The Union asserts that the Employer has not vested the Attendings with authority to discipline those who work with their patients, another of the indicia of statutory supervisors set forth in section 3(r). The ALJ noted that discipline of residents takes both traditional forms and forms more relevant for and related to professionals in training, but concluded, as does the Union, that Attendings have no actual authority to do so or to recommend effectively such action. Record evidence shows, however, that Attendant-generated discipline consists of counseling, oral reprimand, discharge, repeating training, work and rotations, remediation, assignment to extra work, having residents' physician privileges and/or responsibilities curtailed, not being promoted, being placed on probation, and being demoted; however, because residents are highly educated and motivated professionals, suspension and discharge are rare. *fn8 In light of the foregoing, the ALJ's conclusion and the Union's assertion that Attendings have no authority for running the institution and its various departments, is akin to the proverbial "failure to see the forest for the trees."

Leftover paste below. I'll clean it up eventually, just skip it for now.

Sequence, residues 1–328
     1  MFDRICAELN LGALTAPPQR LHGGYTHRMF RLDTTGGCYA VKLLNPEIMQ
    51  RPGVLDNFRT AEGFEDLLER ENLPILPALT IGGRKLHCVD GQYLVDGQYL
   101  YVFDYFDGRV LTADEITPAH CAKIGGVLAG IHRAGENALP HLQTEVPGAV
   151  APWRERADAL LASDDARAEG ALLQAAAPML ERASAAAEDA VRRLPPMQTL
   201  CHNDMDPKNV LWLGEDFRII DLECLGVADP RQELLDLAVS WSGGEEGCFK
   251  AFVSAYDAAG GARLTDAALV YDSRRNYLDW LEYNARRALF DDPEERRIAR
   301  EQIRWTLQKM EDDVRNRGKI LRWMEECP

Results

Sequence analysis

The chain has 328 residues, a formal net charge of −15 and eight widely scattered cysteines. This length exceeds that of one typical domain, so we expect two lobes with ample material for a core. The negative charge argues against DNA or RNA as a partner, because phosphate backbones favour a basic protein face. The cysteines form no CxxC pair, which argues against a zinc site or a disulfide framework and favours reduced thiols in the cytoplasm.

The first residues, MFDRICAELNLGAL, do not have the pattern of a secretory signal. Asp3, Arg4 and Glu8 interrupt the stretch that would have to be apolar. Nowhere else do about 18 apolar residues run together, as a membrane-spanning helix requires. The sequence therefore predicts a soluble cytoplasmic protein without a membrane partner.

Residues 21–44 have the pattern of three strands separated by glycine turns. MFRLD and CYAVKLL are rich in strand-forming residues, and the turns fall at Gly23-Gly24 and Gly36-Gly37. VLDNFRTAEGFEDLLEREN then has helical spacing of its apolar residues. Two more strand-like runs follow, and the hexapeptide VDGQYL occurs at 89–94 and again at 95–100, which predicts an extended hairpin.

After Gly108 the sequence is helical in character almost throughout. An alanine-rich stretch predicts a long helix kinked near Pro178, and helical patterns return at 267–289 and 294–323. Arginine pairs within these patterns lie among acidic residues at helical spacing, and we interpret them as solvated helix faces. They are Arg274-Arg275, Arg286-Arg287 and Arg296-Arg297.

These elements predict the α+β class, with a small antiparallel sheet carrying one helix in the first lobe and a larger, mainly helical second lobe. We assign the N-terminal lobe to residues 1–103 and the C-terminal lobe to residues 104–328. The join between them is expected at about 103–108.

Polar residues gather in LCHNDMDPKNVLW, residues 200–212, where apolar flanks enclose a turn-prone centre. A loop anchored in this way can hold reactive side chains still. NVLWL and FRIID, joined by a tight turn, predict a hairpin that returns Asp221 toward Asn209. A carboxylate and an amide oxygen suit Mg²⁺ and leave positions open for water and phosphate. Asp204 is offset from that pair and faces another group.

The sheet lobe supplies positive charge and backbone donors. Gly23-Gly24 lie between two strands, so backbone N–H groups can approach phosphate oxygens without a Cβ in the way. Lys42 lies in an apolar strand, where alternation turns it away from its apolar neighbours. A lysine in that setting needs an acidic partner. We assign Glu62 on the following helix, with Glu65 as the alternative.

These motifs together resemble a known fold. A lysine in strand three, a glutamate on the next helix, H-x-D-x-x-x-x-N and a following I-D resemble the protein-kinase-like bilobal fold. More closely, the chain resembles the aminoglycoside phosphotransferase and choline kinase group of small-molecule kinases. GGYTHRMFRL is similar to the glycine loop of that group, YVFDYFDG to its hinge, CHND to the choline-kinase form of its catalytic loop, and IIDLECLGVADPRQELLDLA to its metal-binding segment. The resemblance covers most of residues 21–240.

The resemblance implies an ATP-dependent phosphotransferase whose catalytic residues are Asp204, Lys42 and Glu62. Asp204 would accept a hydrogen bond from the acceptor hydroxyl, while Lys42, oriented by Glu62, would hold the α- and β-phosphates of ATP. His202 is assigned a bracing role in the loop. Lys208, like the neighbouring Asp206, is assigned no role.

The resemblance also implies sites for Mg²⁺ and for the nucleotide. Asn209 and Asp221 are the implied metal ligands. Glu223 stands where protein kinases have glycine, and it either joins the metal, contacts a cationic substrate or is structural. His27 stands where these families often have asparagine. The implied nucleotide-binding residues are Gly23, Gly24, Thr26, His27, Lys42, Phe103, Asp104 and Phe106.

C. The ALJ's Conclusion, that "whatever alleged supervisory authority attendings possess and/or exercise that authority is not supervisory authority within the meaning of the Act as it is not principally derived from the Employer as required by the Act," is unsupportable and inexplicable, as has been demonstrated by the previous discussion. *fn9

Our supreme court recently considered a similar argument, in deciding whether assistant public defenders represent the interests of their indigent clients but, at the same time, do not represent the interests of the state or chief Judge, in Chief Judge of the Sixteenth Judicial Circuit v. Illinois State Labor Relations Board, 178 Ill. 2d 333, 687 N.E.2d 795 (1997). That decision quoted with approval an analysis by the United State's Supreme Court, which is particularly applicable here: